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Characterization of a Novel Hepadnavirus in the White Sucker (Catostomus commersonii) from the Great Lakes Region of the United States.

Hahn CM, Iwanowicz LR, Cornman RS, Conway CM, Winton JR, Blazer VS - J. Virol. (2015)

Bottom Line: Phylogenetic analyses confirmed WSHBV as distinct from previously documented hepadnaviruses.These results are not sufficient to draw inferences regarding the association of WSHBV and carcinogenesis in white sucker.This may also offer another model system for mechanistic research.

View Article: PubMed Central - PubMed

Affiliation: West Virginia University, School of Natural Resources, Morgantown, West Virginia, USA U.S. Geological Survey, Leetown Science Center, Kearneysville, West Virginia, USA.

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Unrooted phylogram denoting the phylogenetic relationships of mammalian, avian, and fish hepadnavirus genomes. Results are from maximum-likelihood phylogenetic analysis using PhyML (1,000 replicates). Asterisks denote bootstrap support of 100% (***), >90%(**), or >70% (*).
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Figure 6: Unrooted phylogram denoting the phylogenetic relationships of mammalian, avian, and fish hepadnavirus genomes. Results are from maximum-likelihood phylogenetic analysis using PhyML (1,000 replicates). Asterisks denote bootstrap support of 100% (***), >90%(**), or >70% (*).

Mentions: Phylogenetic analyses of predicted WSHBV proteins with respect to those of previously described hepadnaviruses depict well-supported monophyletic groups comprised of the orthohepadnaviruses (mammals) and avihepadnaviruses (birds) which do not include the WSHBV (Fig. 5). Analysis which included the putative hepadnavirus polymerase protein from African cichlid depicts poorly resolved paraphyletic groups between fish species that are distinct from the known viruses of mammalian and bird hosts (Fig. 5A). A similar tree topology was identified for the nucleotide analysis of the complete genomes (Fig. 6). Multiple alignments of the core, polymerase, and surface proteins with a subset of mammalian and avian hepadnaviruses identified amino acid conservation within critical conserved domains (see Fig. S3, S4, and S5 in the supplemental material).


Characterization of a Novel Hepadnavirus in the White Sucker (Catostomus commersonii) from the Great Lakes Region of the United States.

Hahn CM, Iwanowicz LR, Cornman RS, Conway CM, Winton JR, Blazer VS - J. Virol. (2015)

Unrooted phylogram denoting the phylogenetic relationships of mammalian, avian, and fish hepadnavirus genomes. Results are from maximum-likelihood phylogenetic analysis using PhyML (1,000 replicates). Asterisks denote bootstrap support of 100% (***), >90%(**), or >70% (*).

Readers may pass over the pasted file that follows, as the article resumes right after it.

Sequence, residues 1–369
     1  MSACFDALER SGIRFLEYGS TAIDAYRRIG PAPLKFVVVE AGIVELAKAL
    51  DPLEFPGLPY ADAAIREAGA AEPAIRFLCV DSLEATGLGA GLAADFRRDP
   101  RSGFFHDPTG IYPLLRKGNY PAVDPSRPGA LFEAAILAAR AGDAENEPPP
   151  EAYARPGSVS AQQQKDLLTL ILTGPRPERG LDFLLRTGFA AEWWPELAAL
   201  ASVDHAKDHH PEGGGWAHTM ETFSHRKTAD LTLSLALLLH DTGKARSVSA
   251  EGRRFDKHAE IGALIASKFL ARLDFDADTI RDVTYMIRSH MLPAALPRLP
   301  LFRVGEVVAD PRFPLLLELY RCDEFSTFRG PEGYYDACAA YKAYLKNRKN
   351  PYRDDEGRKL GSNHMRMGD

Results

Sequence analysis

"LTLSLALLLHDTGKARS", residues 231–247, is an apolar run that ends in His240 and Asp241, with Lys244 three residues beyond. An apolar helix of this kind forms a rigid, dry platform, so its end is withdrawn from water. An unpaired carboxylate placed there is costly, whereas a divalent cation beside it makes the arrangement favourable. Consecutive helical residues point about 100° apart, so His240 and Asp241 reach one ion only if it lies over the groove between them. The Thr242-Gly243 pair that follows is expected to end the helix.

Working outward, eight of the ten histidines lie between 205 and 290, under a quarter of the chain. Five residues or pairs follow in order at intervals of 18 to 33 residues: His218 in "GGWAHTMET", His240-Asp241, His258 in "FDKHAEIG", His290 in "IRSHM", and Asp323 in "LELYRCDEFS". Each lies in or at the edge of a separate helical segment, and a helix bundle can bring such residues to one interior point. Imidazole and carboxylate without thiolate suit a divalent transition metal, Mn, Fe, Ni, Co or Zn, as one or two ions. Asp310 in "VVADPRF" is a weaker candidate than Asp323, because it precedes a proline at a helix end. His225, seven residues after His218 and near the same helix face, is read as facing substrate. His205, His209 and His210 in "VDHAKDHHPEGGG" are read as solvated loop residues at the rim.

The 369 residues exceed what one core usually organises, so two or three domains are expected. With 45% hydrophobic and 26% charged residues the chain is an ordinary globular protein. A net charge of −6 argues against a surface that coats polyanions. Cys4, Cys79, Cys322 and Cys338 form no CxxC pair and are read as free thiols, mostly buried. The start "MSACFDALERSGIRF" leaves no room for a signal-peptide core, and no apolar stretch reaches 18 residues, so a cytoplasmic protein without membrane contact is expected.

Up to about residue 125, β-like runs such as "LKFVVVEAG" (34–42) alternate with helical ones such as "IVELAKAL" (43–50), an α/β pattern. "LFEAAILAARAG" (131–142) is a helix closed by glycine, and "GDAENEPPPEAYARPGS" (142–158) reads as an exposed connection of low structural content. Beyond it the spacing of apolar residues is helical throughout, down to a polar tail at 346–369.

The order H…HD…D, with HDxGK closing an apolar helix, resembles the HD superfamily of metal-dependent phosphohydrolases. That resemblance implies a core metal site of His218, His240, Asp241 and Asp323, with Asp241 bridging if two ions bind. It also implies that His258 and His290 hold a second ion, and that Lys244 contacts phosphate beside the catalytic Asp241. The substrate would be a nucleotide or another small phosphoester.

© Copyright Policy - open-access
Related In: Results  -  Collection

License
Show All Figures
getmorefigures.php?uid=PMC4645335&req=5

Figure 6: Unrooted phylogram denoting the phylogenetic relationships of mammalian, avian, and fish hepadnavirus genomes. Results are from maximum-likelihood phylogenetic analysis using PhyML (1,000 replicates). Asterisks denote bootstrap support of 100% (***), >90%(**), or >70% (*).
Mentions: Phylogenetic analyses of predicted WSHBV proteins with respect to those of previously described hepadnaviruses depict well-supported monophyletic groups comprised of the orthohepadnaviruses (mammals) and avihepadnaviruses (birds) which do not include the WSHBV (Fig. 5). Analysis which included the putative hepadnavirus polymerase protein from African cichlid depicts poorly resolved paraphyletic groups between fish species that are distinct from the known viruses of mammalian and bird hosts (Fig. 5A). A similar tree topology was identified for the nucleotide analysis of the complete genomes (Fig. 6). Multiple alignments of the core, polymerase, and surface proteins with a subset of mammalian and avian hepadnaviruses identified amino acid conservation within critical conserved domains (see Fig. S3, S4, and S5 in the supplemental material).

Bottom Line: Phylogenetic analyses confirmed WSHBV as distinct from previously documented hepadnaviruses.These results are not sufficient to draw inferences regarding the association of WSHBV and carcinogenesis in white sucker.This may also offer another model system for mechanistic research.

View Article: PubMed Central - PubMed

Affiliation: West Virginia University, School of Natural Resources, Morgantown, West Virginia, USA U.S. Geological Survey, Leetown Science Center, Kearneysville, West Virginia, USA.

Show MeSH
Related in: MedlinePlus